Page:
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1 February 2013 Reconstructing Hybrid Speciation Events in the Pteris cretica Group (Pteridaceae) in Japan and Adjacent Regions
Tassanai Jaruwattanaphan, Sadamu Matsumoto, Yasuyuki Watano
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Polyploidy, hybridization, and agamospory have been considered important mechanisms in fern speciation. By integrating the methods of cytology, molecular phylogeny, and morphology, we examined the origins of polyploid species in the Pteris cretica group, which comprises five agamosporous taxa and six sexual species. Phylogenetic analysis was conducted using both cpDNA (rbcL and trnV-trnM) and a low-copy nuclear gene (gapCp). The combined results of cytology and the phylogenetic trees suggested that the sexual diploid P. kidoi had played a central role in the diversification of polyploid species in the P. cretica group. Some triploid clones of agamosporous P. cretica var. cretica originated through hybridization between the diploid cytotype of P. cretica var. cretica and the sexual diploid P. kidoi. The sexual polyploid species, P. henryi, P. multifida, P. ryukyuensis, and P. yamatensis, and the hexaploid race of P. deltodon have arisen through allopolyploidization between their respective ancestral parent species and P. kidoi. Additionally, the agamosporous triploid P. nipponica and P. cretica var. albolineata might have originated through hybridization between P. cretica var. cretica and an unknown ancestral diploid parent of P. ryukyuensis. Agamosporous P. cretica var. cretica harbored considerable genetic variation within both the diploid and triploid cytotypes. Because we could not find clear genetic differences between the diploid and triploid P. cretica, both cytotypes might be autopolyploids, or alternatively have originated through hybridization among the same members of ancestral sexual species.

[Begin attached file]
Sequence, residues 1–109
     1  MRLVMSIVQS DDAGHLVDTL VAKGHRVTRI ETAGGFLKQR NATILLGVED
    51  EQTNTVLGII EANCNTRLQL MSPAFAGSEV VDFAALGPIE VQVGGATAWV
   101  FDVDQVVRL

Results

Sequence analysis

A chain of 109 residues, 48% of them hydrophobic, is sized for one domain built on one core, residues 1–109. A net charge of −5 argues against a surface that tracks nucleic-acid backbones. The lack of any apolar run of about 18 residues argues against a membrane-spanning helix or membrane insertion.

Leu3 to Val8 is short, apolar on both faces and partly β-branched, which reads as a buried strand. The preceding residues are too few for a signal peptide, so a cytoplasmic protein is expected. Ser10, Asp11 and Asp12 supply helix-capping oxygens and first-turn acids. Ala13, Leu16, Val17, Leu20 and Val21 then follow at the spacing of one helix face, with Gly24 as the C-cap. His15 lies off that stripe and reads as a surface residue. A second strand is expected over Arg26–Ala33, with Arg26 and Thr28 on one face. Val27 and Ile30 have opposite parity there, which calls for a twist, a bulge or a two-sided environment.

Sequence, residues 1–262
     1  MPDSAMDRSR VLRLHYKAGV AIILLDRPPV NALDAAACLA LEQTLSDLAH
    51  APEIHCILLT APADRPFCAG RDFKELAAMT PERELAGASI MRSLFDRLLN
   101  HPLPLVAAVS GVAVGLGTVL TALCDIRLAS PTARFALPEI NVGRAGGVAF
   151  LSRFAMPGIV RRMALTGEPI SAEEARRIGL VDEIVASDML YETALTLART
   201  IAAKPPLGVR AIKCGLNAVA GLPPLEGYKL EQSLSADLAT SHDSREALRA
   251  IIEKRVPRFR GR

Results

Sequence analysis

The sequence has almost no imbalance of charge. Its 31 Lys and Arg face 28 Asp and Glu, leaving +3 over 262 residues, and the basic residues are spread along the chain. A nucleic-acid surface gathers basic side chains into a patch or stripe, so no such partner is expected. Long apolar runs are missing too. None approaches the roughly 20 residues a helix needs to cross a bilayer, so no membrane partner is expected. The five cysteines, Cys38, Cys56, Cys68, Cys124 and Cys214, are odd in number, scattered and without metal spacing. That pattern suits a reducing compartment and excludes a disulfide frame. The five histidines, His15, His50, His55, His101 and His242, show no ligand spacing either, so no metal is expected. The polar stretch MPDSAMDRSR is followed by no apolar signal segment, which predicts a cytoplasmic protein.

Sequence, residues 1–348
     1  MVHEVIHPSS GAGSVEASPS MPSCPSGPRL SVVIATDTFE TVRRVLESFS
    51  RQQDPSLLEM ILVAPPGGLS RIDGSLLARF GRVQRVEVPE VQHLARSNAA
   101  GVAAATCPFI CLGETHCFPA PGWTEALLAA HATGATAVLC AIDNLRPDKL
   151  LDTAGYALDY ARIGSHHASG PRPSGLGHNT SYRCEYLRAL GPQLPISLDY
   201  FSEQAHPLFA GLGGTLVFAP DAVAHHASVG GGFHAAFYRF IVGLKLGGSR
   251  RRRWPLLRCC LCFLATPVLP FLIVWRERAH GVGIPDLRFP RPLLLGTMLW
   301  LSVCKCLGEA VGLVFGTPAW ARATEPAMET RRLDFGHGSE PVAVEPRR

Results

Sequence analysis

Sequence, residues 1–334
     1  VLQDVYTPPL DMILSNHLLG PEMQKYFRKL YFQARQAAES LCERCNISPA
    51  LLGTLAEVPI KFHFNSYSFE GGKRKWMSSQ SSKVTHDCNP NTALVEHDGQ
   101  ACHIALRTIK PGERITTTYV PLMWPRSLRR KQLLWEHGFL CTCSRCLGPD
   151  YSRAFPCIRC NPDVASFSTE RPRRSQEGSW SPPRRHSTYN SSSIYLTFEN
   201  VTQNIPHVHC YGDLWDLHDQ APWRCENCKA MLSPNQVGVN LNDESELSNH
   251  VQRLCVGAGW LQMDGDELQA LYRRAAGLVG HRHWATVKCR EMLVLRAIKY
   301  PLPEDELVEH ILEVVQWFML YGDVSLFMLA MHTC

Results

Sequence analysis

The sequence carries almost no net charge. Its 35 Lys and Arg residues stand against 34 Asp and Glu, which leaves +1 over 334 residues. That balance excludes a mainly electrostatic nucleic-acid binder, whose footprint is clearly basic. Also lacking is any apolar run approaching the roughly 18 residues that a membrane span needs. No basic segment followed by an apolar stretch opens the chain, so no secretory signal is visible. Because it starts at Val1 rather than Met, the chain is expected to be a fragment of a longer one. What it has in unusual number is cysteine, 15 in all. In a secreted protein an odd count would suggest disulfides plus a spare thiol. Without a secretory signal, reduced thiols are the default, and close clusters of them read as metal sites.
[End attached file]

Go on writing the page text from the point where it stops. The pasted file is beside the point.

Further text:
© Copyright 2013 by the American Society of Plant Taxonomists
Tassanai Jaruwattanaphan, Sadamu Matsumoto, and Yasuyuki Watano "Reconstructing Hybrid Speciation Events in the Pteris cretica Group (Pteridaceae) in Japan and Adjacent Regions," Systematic Botany 38(1), 15-27, (1 February 2013).
Published: 1 February 2013

reticulate evolution
single strand conformation polymorphism (SSCP)
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